Advice #1: Separate roles of Parent and Coach. Be clear of which role you are in.
Advice 2: Treat your kid like any other competitor when on the range. Coaching is done outside of competition. Give them time before their turn and after, and then you can review later.
Advice 3: Do not assist during the match. Let your kid load his own mags, etc. Those things are part of the match and if they are trusted enough to be on the range, then they should carry all their own weight as a competitor like everyone else.
Advice 4: Do not expect or solicit sponsorship. Let them come to you. I believe that this is a valuable lesson of humbleness that will be worth more than any product or compensation they would receive.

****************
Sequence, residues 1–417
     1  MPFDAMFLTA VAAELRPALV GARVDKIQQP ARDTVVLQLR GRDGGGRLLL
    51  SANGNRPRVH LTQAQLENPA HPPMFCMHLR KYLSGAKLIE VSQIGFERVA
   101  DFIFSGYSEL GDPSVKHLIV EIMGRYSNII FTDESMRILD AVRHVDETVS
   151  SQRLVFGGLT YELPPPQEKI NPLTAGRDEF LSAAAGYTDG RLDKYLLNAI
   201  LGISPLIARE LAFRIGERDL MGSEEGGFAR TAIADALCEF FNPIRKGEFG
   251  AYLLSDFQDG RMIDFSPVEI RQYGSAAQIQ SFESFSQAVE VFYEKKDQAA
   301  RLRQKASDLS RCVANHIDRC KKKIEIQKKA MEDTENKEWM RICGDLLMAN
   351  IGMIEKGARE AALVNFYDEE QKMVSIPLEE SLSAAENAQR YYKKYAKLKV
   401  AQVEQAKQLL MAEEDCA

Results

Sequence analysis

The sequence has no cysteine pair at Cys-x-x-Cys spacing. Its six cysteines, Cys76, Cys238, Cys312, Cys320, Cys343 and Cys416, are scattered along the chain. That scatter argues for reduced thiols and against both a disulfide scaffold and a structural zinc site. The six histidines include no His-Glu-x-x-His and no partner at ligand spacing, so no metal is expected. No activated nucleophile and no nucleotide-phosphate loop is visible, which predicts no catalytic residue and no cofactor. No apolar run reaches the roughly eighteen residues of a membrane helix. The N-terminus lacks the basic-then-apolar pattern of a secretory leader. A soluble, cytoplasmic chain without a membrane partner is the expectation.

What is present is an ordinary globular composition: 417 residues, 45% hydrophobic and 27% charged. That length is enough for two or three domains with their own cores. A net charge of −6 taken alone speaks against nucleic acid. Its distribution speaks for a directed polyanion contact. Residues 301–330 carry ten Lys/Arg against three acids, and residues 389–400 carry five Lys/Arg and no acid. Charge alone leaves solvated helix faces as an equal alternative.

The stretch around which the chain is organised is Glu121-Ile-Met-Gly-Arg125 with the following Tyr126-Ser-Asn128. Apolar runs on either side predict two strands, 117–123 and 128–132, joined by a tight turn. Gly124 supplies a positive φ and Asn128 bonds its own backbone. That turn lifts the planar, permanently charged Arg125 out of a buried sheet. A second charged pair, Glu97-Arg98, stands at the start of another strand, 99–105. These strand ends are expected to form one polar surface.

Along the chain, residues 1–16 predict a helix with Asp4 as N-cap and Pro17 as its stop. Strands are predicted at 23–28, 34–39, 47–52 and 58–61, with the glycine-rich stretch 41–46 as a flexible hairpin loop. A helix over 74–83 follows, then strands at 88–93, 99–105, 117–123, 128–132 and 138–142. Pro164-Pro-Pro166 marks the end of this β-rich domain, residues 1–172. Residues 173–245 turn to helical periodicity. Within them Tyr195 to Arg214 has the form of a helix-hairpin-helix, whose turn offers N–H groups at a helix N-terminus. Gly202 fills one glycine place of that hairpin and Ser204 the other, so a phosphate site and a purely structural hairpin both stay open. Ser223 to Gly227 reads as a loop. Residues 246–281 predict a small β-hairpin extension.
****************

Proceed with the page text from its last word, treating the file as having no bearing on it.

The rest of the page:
Advice 5: Make sure you find ways that they can give back a few times a year. This could be in ROing, help set up a match, tear down, or something of that nature. Help them learn all the work that goes into the competition so they respect the work that happens.
By David Power, who has spent over a decade as an ambassador, sponsor, worker, and shooter in the competitive shooting sports. He is a government certified range master, certified CRO, and a certified ITAR compliance empowered official with expertise in firearms export controls. David is one of the most recognized Chief Range Officers in 3 Gun and enjoys watching and learning how products perform in some of the toughest conditions. He is a father and serves on the board of 2A Heritage Junior 3-Gun Camps.